The BBC, like most of the media, has reported that the Tories won the election in Scotland with a massive 13 seats, roundly defeating the SNP who barely managed 35. And people wonder why I wouldn’t trust the BBC with the football scores.
But while this was not our greatest or most inspiring campaign we are where we are and to paraphrase Bashir Ahmed, it’s not what we did wrong that matters, it’s what we do now to rebuild that counts. While we need to learn the lessons from every campaign, we should do so in order to improve not to cast blame!
In the Deputy Leadership campaign, last year there was a general acceptance that we were drifting rather than driving, managing rather than being radical, and that the grass roots of the party were in need of some serious nourishment in the form of involvement in policy. We are not here just to deliver the leaflets and populate Activate. We are in politics because we care and want to help decide the direction of our Party and our Government. Many good ideas to replenish those grass roots were proposed by all four candidates and now that Angus has unfortunately got too much time on his hands we should be looking closely at how to implement them.
For me at least nothing sums up the ossification of our internal processes than the lack of serious debate at Annual Conference or National Council. Sure, we still turn out numbers of delegates that other parties can only dream of, but how many of those delegates now go along because of the Agenda? I can recall perhaps only two real debates in recent years. The superb debate on NATO membership which was such an example of impassioned but factual debate. The second did not reach those heights, but the Land Reform debate was also an excellent example of what this party has in terms of quality and ideas.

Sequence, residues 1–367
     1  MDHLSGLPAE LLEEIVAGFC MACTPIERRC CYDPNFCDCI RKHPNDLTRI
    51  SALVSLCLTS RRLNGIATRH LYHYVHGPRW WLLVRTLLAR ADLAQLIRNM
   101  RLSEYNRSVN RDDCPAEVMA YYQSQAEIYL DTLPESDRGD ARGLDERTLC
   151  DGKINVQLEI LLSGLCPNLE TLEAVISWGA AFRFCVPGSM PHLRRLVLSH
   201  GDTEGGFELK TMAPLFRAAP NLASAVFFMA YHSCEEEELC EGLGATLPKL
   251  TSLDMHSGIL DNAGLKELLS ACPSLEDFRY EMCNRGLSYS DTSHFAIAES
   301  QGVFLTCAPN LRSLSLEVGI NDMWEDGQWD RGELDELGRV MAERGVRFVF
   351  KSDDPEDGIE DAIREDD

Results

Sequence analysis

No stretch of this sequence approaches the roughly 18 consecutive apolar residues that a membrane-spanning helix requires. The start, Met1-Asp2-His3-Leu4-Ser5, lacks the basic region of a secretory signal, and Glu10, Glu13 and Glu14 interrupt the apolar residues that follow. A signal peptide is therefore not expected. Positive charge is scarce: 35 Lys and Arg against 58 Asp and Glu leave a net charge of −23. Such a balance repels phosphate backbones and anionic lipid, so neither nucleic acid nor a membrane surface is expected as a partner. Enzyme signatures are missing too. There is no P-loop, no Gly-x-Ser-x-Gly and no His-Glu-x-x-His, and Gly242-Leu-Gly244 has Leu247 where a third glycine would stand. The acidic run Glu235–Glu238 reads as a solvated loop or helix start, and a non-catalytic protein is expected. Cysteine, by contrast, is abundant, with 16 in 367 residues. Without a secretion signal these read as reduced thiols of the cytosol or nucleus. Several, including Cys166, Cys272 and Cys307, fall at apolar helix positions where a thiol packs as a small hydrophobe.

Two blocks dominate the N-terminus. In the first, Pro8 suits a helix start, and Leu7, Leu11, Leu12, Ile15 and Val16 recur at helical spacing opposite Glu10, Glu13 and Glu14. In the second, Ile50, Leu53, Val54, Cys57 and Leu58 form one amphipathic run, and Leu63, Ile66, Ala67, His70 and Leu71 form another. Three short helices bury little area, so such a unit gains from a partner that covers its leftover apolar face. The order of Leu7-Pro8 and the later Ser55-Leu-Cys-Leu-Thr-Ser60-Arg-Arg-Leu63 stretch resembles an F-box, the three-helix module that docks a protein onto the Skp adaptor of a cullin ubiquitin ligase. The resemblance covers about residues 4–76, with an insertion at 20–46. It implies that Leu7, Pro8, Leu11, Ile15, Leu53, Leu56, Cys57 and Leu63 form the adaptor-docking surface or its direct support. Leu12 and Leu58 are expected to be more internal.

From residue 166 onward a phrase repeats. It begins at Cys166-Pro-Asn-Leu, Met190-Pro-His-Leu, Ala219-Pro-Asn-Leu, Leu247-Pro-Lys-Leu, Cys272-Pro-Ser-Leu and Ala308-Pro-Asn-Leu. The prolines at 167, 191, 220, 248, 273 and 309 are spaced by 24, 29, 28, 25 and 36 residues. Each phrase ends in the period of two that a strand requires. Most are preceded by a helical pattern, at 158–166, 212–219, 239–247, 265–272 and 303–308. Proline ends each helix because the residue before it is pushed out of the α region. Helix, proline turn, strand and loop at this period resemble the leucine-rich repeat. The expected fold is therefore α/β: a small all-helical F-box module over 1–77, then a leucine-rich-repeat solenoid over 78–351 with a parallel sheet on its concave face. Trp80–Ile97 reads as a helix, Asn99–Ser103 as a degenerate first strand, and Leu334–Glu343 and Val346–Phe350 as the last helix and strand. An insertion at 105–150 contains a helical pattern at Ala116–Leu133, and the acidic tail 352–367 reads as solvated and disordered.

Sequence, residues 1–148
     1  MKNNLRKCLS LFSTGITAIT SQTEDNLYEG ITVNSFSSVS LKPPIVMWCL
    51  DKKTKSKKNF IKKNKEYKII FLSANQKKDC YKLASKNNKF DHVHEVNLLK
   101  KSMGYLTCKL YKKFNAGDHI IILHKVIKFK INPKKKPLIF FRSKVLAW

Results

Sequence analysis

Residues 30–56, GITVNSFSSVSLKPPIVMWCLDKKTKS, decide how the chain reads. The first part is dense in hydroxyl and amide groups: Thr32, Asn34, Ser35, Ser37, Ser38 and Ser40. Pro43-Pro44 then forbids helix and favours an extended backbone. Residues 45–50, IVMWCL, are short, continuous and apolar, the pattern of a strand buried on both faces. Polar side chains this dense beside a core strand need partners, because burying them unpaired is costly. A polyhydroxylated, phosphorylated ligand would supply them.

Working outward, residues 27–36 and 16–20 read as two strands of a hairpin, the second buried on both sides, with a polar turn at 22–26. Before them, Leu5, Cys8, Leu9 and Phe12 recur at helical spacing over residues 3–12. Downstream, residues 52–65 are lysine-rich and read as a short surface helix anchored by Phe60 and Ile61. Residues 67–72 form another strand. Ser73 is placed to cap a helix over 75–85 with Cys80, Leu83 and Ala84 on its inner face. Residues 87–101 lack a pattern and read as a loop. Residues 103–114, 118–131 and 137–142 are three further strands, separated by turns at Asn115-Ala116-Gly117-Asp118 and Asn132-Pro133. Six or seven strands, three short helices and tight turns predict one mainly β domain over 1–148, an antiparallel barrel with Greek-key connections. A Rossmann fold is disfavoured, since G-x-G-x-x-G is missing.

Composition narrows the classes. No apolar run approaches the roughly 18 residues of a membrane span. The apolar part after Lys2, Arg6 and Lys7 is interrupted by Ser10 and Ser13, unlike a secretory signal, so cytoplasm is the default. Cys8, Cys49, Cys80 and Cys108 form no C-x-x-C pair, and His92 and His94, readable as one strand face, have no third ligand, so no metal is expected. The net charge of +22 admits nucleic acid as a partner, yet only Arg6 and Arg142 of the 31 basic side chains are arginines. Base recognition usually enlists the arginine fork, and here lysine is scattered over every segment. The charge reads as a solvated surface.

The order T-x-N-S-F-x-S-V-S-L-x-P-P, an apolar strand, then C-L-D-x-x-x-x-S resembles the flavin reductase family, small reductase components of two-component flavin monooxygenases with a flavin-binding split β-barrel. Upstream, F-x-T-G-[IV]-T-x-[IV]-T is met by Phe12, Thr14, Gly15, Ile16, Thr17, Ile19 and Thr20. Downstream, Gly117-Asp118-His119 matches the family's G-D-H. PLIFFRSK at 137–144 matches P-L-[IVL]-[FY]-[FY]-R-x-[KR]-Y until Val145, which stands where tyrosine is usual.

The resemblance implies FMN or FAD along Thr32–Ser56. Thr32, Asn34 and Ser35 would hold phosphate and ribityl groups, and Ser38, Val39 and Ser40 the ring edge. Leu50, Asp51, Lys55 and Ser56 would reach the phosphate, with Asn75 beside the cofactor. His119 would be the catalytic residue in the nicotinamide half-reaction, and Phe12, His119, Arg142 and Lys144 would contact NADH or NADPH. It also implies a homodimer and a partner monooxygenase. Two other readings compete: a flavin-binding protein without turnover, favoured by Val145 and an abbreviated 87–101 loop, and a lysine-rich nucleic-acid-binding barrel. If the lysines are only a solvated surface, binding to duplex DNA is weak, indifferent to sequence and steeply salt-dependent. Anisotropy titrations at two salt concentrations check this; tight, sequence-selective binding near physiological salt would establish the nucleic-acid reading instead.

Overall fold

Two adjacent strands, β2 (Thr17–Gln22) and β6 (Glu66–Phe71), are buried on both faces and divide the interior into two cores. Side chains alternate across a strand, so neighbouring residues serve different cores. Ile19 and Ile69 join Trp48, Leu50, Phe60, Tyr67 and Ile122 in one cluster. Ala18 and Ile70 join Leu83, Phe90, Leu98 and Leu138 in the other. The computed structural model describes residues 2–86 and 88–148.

They also have in common that the party leadership did not foresee either. I’m not sure whether I think that is a failure of the leadership to read the party or the result of the party becoming too unwilling to challenge the leadership for far too long.
Either way we now have the chance to start doing some radical thinking in terms of how we create policy and involve our membership in doing so. Many years ago we had a vibrant and influential National Assembly where ideas could be thrashed out with some very serious expert input before policy proposals were submitted to Annual Conference for debate and amendment.
I accept that as a Party of Government we sometimes need to react to events and cannot always wait for our internal debates to work themselves through, but it seems to me that we have reached a stage where internal debate is viewed as a luxury we cannot afford and that the membership is merely expected to “rubber stamp” the decisions of Ministers.
Conference now has become little more than a clapfest with no real decision-making role outside of elections. This needs to change and change and change urgently.
Over the last 6 years we have been in almost constant campaign mode. We, just like the voters, need a bit of respite and the opportunity to reflect from 2014 onwards. To learn the lessons of both success and relative failure. What we did well and what we would not wish to do again and of how to manage expectations more realistically.
Perhaps the greatest irony of the 2017 election will be that we replenish those grass roots with the input of some of our most capable thinkers, freed from the pressures of office and able to bring experience of the decision-making process in government to bear on our own structures and policy making.